Sure, he was funny, but George Carlin was also an astute observer of the way humans think and behave.

One of the things I admired most about him was his disdain for politically correct language and euphemisms.

“I don’t like words that hide the truth,” the late comedian once said. “I don’t like words that conceal reality. I don’t like euphemisms or euphemistic language. And American English is loaded with euphemisms. Because Americans have a lot of trouble dealing with reality. Americans have trouble facing the truth, so they invent a kind of a soft language to protect themselves from it. And it gets worse with every generation. For some reason it just keeps getting worse.”

Carlin also got it right when he said this: “It’s the context that counts. It’s the user. It’s the intention behind the words that makes them good or bad.”

In one example, he recited a litany of racist epithets and offensive words, noting that someone could justifiably interpret them differently in the context of a comedy routine than from the mouth of an avowed bigot.

Consider these statements, then, and decide whether they are acceptable from a front-runner for president of the United States:

— “When Mexico sends its people, they’re not sending their best. ... They’re sending people that have lots of problems, and they’re bringing those problems with us. They’re bringing drugs. They’re bringing crime. They’re rapists. And some, I assume, are good people.”

— On Fox News’ Meghan Kelly, who questioned Trump about his disparaging remarks about women: “You could see there was blood coming out of her eyes, blood coming out of her, wherever.”

— “Donald J. Trump is calling for a total and complete shutdown of Muslims entering the United States until our country’s representatives can figure out what is going on.”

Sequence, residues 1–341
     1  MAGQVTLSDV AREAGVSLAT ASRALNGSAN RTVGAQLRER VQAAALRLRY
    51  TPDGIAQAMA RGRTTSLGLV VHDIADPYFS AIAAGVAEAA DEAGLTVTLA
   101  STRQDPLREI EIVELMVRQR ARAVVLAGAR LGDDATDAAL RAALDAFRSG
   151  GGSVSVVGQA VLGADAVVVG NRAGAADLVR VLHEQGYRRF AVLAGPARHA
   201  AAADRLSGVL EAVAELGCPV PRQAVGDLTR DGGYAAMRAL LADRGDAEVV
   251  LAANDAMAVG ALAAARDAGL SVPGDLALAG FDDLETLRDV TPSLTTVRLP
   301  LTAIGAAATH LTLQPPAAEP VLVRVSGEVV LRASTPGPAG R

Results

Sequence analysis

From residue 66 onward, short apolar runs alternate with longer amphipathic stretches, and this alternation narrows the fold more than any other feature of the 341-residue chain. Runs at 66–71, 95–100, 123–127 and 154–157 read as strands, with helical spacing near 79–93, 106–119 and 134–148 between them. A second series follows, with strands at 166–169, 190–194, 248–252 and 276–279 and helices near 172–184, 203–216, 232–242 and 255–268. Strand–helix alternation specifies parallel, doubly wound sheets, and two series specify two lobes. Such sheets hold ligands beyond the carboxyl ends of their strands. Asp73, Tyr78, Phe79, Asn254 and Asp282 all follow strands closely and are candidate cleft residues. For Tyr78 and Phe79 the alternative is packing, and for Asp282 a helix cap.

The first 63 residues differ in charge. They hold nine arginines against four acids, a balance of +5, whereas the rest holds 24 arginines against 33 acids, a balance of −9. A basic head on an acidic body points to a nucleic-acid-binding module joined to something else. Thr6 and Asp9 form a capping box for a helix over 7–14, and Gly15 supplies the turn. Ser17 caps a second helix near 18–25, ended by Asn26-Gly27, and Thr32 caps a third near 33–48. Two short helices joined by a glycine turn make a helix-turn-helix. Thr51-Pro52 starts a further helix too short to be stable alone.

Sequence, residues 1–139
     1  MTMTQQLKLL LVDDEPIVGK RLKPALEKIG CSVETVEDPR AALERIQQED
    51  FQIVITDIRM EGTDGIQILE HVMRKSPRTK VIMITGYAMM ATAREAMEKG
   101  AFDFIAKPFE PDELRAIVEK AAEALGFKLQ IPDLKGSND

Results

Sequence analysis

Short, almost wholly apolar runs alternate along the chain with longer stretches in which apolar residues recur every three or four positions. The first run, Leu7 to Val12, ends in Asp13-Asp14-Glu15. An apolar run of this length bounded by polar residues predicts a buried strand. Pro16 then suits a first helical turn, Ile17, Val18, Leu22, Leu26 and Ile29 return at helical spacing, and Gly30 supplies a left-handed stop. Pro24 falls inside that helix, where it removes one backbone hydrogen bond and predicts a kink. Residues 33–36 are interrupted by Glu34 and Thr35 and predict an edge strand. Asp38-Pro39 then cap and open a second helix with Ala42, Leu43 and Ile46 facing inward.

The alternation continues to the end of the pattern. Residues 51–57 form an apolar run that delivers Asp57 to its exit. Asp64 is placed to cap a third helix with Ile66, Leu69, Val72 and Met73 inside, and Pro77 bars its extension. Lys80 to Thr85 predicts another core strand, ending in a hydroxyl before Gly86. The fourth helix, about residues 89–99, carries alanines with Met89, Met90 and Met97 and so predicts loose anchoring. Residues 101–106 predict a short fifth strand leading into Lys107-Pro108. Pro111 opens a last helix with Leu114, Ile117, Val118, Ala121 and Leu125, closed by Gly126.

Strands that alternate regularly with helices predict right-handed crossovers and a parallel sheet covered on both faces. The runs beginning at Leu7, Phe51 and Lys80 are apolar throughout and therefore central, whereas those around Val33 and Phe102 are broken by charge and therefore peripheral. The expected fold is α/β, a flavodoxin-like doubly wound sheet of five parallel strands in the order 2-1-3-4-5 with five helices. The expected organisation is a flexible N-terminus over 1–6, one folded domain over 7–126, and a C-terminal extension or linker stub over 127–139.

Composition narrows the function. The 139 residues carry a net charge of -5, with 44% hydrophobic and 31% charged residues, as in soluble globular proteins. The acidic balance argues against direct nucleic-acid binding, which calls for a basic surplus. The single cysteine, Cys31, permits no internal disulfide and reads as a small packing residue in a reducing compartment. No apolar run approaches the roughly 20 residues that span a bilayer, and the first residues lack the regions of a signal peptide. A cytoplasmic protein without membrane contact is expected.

— “Look at those hands, are they small hands?” he said during a nationally televised debate. “If they’re small, something else must be small. I guarantee you there’s no problem. I guarantee.”

— Referring to former GOP presidential candidate Carly Fiorina: “Look at that face. Would anyone vote for that? Can you imagine that, the face of our next president? ... I mean, she’s a woman, and I’m not supposed to say bad things, but really, folks, come on. Are we serious?”

The list goes on, but you get the message. Or do you?

Unlike Carlin, Trump is not a comedian — at least a professional one. Next year, he could be the leader of the free world, commander in chief of the mightiest military on Earth and the man who will help shape America’s relationship with the rest of the globe.

What do those statements, and the string of others he has uttered, say about him as a potential president? Be honest with yourself: Would you stand in front of a diverse crowd of people and say these things? Would you accept the backlash from the people your words would offend? Or would you instead write off the critics as overly sensitive and politically correct? Would you understand if the latter did not diminish the backlash?
Like Carlin, I dislike words that hide the truth. But whose truth?

I believe political correctness sometimes goes too far. But how far is too far?

Fair or not, each of us gets to decide. And those decisions come with consequences.

The degree and severity of those consequences are a lot greater for a president of the United States than for the rest of us.
Carlin was right: “It’s the context that counts. It’s the user. It’s the intention behind the words that makes them good or bad.”

— Houma (La.) Courier and Thibodaux (La.) Daily Comet Executive Editor Keith Magill can be reached at 985-857-2201 or keith.magill@houmatoday.com.